A few weeks ago, the European Parliament had a strong position on net neutrality after adopting its first reading of the Telecoms Single Market Regulation in April. Meanwhile, the Council does not have an agreed position on the subject. Also, since the beginning of November, the new European Commission has taken office, with “better regulation” at the centre of its stated priorities. However, despite the efforts of the Parliament to improve the previous Commission's net neutrality proposals, there are persistent rumours that the new Commission may withdraw it.
EDRi has re-launched their campaign platform savetheinternet.eu and they ask everyone to play their part. They also wrote to the Council of the EU and issued a press release.
The Dutch government has ruled out ending roaming charges in the Benelux earlier than the EU deadline of 15 June 2017. In a briefing to parliament, Dutch economic affairs minister Henk Kamp said it was neither realistic nor desirable to scrap the roaming surcharges earlier in the region.
On 12 August 2016, the federal government proposed legislation for a law adjusting the Telecommunications Act in the “Bundesrat”. The draft law seeks to implement regulation (EU) 2015/2120 of the European Parliament and of the Council of 25 November 2015 laying down measures concerning open internet access and amending Directive 2002/22/EC on universal service and users’ rights relating to electronic communications networks and services and Regulation (EU) No 531/2012 on roaming on public mobile communications networks within the Union.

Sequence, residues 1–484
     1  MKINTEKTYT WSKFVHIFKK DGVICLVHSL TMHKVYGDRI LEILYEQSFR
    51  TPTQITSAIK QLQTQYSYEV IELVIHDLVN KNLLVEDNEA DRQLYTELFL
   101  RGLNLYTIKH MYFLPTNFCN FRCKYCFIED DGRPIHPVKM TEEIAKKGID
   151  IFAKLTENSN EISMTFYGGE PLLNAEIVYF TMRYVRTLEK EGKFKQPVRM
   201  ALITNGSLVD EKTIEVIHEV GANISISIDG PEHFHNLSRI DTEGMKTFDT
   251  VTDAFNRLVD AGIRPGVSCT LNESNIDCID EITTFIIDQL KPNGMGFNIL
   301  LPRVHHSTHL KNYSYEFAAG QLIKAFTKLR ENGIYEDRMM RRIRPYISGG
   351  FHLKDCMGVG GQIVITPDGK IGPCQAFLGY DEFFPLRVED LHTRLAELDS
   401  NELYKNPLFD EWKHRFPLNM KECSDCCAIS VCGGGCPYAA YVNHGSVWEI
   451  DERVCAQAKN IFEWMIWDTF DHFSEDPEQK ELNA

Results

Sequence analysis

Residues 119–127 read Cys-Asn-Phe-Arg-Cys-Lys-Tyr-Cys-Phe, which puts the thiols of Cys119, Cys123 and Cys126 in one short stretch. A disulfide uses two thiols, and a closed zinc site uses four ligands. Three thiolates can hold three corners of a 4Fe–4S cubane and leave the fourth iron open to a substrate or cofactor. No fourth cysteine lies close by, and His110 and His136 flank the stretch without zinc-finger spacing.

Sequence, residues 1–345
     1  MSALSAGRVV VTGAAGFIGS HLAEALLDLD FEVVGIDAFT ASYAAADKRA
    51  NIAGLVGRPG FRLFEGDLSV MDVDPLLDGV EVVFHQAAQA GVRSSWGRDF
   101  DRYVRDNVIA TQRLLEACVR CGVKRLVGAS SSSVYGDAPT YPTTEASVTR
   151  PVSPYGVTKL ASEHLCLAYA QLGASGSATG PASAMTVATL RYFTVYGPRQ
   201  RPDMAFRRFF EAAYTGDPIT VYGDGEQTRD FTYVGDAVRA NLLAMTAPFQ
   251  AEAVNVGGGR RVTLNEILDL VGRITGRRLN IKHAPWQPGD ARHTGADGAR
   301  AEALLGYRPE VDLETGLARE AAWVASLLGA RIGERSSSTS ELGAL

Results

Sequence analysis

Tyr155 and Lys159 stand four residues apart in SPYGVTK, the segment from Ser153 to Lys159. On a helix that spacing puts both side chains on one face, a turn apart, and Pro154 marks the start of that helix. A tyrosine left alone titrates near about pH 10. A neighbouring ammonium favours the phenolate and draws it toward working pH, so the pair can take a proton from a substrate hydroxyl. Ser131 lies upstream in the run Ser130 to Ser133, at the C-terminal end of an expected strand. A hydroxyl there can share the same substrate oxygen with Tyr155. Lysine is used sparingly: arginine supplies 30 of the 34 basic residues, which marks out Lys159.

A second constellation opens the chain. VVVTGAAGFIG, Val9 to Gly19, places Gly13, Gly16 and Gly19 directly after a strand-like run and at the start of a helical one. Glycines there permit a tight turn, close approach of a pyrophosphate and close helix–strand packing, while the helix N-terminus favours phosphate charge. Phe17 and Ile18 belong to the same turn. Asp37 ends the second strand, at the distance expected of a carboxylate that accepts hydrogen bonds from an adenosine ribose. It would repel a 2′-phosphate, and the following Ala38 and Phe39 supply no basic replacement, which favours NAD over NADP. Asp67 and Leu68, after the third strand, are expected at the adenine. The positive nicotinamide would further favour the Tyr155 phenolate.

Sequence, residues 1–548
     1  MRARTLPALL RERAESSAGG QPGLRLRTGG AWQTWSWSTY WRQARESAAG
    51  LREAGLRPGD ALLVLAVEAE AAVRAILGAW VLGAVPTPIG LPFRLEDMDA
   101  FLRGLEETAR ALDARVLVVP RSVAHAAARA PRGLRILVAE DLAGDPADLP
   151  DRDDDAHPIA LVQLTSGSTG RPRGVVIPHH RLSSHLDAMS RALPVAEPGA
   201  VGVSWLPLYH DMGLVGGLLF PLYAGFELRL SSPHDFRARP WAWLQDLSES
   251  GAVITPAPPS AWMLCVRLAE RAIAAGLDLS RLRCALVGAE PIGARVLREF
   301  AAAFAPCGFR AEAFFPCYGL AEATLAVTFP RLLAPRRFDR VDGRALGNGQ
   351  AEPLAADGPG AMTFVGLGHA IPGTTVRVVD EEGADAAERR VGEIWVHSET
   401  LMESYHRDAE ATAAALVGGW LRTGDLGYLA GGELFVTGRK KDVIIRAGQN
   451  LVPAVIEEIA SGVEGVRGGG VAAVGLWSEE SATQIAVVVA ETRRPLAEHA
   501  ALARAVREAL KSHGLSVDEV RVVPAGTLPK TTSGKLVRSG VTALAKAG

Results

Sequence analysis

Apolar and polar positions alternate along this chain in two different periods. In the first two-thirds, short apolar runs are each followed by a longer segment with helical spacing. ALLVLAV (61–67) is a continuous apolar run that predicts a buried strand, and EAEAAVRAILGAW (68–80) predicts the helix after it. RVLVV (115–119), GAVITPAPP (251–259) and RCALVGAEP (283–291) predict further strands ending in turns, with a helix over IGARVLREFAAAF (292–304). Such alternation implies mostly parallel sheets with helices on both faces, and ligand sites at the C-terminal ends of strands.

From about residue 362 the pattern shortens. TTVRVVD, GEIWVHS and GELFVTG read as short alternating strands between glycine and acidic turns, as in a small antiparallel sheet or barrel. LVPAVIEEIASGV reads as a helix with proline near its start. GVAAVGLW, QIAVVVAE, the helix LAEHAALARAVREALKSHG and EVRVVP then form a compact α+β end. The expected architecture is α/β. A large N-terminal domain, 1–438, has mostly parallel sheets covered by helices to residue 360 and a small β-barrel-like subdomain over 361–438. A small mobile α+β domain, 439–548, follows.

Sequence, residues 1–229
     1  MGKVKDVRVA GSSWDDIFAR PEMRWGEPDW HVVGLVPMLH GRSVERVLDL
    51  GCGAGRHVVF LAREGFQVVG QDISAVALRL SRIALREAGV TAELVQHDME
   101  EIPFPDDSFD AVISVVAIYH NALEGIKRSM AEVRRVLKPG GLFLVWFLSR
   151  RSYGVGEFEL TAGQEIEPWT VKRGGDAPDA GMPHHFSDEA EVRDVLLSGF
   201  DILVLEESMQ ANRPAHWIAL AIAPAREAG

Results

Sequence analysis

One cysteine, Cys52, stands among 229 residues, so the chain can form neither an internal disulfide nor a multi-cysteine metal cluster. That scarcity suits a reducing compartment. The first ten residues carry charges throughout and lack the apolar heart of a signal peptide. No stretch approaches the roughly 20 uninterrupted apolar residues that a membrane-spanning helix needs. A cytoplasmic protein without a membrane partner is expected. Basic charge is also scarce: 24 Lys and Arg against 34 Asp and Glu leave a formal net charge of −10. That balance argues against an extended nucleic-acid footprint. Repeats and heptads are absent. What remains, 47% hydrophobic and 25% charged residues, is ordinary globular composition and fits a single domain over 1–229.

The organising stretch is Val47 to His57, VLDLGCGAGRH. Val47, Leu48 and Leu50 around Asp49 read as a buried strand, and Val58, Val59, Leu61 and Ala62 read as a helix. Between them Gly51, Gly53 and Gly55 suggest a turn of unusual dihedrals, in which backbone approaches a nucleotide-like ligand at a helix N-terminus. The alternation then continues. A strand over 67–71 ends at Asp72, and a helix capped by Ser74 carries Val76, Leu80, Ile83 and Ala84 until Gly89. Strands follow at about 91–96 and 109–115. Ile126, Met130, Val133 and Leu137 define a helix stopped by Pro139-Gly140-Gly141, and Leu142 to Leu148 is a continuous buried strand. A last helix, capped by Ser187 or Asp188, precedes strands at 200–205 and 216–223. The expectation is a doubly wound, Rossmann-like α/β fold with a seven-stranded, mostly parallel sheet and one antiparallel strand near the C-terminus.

The German Federal Network Agency forbid certain aspects of the optional service “StreamOn” for their mobile phone contracts in order to enforce that consumers could make use of the “roam-like-at-home” principle. Currently, the data volume used by StreamOn in EU countries was divided from the overall volume included in the phone contract. According to the Federal Network Agency, this was violating the EU rules on roaming and net neutrality.